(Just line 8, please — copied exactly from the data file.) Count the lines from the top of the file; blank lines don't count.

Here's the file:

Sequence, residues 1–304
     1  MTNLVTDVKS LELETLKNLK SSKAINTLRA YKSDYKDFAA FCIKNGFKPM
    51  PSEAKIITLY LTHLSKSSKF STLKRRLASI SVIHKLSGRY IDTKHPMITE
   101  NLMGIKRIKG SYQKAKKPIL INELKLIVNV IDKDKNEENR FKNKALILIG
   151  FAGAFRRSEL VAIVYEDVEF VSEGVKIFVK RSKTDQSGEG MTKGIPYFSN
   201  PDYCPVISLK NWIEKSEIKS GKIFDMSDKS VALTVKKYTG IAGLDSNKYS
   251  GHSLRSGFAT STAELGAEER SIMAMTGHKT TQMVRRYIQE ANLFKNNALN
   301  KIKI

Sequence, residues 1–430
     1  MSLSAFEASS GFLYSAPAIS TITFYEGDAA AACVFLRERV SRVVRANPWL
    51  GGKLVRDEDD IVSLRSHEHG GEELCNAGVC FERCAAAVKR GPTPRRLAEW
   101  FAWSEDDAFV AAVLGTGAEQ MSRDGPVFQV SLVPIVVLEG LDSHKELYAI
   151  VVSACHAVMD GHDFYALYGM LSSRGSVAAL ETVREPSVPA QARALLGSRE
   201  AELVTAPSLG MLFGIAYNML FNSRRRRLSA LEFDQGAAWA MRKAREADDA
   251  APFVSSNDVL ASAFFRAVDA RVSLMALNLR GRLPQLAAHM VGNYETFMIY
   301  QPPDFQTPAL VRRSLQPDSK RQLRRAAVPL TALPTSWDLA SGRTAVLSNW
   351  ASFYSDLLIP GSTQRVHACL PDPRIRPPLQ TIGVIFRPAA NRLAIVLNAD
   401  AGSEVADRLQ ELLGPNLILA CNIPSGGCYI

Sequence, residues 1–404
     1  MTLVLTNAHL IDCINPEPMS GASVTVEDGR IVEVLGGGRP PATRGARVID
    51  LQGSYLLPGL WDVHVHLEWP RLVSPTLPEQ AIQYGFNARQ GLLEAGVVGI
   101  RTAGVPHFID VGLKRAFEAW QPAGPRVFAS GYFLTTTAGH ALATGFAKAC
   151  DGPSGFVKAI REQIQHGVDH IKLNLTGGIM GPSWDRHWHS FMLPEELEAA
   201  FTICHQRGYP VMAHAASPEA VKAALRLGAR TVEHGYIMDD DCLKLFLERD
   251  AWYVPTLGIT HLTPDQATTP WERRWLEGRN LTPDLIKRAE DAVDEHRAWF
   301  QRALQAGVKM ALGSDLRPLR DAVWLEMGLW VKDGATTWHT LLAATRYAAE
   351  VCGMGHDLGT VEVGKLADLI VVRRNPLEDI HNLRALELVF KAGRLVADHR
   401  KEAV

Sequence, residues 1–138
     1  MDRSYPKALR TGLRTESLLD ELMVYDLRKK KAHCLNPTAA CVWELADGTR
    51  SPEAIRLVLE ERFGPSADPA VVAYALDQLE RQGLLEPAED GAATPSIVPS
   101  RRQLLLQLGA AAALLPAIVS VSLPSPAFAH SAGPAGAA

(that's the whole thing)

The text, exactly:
   301  KIKI